Let me first congratulate you on your election as the President of the 69th session of United Nations General Assembly.
It is a truly a great honour to address you for the first time as the Prime Minister of India. I stand here conscious of the hopes and expectations of the people of India.
I am also mindful of the expectations of the world from 1.25 billion people.
India is a country that constitutes one-sixth of humanity; a nation experiencing economic and social transformation on a scale rarely seen in history.
Every nation’s world view is shaped by its civilization and philosophical tradition. India’s ancient wisdom sees the world as one family. It is reflected in a tradition of openness and diversity; co-existence and cooperation.
This is why India speaks not just for itself, but also for the cause of justice, dignity, opportunity and prosperity around the world.
It is also because of this timeless current of thought that India has an unwavering belief in multilateralism.
Today, as I stand here, I am equally aware of the hopes that are pinned on this great assembly. I am struck by the sacred belief that brought us together.
An extraordinary vision and a clear recognition of our shared destiny brought us together to build this institution for advancing peace and security, the rights of every human being and economic development for all. From 51 nations then, today 193 sovereign flags fly at this building. Each nation, born into freedom, has sought a place here with the same belief and hope.
We have achieved much in the past six decades in our mission in ending wars, preventing conflict, maintaining peace, feeding the hungry, striving to save our planet and creating opportunities for children. 69 UN peacekeeping missions since 1948 have made the blue helmet the colour of peace.
Today, there is a surge to democracy across the world; including in South Asia; in Afghanistan, we are at a historic moment of democratic transition and affirmation of unity. Afghans are showing that their desire for a peaceful and democratic future will prevail over violence. Nepal has moved from violence to peace and democracy; Bhutan’s young democracy is flourishing. Democracy is trying to find a voice in West Asia and North Africa; Tunisia’s success makes us believe that it is possible.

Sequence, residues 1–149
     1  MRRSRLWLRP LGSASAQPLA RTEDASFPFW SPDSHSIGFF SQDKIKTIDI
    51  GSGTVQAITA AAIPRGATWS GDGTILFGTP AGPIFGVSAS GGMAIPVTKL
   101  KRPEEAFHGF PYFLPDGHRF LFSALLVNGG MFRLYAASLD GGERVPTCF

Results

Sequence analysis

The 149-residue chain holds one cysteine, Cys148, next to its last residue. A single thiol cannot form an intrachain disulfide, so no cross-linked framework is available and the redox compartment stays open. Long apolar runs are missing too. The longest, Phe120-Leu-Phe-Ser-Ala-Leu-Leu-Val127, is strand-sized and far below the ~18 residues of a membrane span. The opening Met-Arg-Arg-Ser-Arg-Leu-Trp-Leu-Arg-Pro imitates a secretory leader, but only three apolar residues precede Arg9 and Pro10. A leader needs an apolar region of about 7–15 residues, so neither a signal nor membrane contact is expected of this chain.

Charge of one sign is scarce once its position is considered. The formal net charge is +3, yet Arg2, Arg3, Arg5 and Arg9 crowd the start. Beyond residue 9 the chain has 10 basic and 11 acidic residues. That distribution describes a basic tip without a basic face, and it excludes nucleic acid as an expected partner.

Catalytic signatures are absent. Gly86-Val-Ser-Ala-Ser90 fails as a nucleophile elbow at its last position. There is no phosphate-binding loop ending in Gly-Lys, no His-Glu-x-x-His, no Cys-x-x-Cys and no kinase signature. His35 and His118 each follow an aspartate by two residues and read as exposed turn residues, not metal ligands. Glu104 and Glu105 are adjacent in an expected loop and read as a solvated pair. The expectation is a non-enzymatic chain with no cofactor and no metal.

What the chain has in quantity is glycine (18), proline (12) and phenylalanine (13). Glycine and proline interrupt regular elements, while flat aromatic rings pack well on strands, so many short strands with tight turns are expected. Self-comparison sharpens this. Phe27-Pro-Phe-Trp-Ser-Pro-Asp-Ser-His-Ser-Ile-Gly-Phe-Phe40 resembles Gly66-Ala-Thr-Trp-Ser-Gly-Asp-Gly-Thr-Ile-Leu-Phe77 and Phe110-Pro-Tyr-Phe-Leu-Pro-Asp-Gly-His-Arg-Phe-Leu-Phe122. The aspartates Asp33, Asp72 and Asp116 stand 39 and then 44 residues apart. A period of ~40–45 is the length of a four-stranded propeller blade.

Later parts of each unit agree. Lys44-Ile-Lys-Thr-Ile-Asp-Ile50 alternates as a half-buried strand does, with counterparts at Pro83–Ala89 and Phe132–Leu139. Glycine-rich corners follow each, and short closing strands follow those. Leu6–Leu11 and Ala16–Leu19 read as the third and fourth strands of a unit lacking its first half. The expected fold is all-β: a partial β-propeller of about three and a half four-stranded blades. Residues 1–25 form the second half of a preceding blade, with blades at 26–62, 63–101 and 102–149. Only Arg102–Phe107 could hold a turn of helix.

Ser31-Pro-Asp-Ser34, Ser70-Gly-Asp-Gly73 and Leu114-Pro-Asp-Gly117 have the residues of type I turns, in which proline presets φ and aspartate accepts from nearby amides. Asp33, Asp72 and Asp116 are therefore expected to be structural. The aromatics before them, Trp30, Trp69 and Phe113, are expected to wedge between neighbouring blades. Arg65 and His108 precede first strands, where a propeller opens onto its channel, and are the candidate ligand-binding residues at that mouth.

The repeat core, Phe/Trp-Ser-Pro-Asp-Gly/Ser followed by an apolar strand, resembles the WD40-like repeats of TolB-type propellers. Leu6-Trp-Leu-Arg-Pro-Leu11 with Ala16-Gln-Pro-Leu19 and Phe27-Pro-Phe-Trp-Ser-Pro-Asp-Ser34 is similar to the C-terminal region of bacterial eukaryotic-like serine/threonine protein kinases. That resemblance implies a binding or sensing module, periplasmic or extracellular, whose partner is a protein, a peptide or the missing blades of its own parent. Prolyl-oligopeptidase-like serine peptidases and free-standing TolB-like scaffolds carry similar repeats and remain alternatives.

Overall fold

There is a new stirring for stability, progress and progress in Africa. There is unprecedented spread of prosperity in Asia and beyond, rising on the strength of peace and stability. Latin America, a continent of enormous potential, is coming together in shared pursuit of stability and prosperity, which could make it an important anchor of the world.
India desires a peaceful and stable environment for its development. A nation’s destiny is linked to its neighbourhood. That is why my Government has placed the highest priority on advancing friendship and cooperation with her neighbours.
This includes Pakistan. I am prepared to engage in a serious bilateral dialogue with Pakistan in a peaceful atmosphere, without the shadow of terrorism, to promote our friendship and cooperation. However, Pakistan must also take its responsibility seriously to create an appropriate environment for it. Raising issues in this forum will derail the efforts to resolve the issues between our two countries. Instead, today, we should be thinking about the victims of floods in Jammu and Kashmir. In India, we have organized massive flood relief operations and have also offered assistance for Pakistan Occupied Kashmir.
India is part of the developing world, but we are prepared to share our modest resources with those countries that need this assistance as much as we do.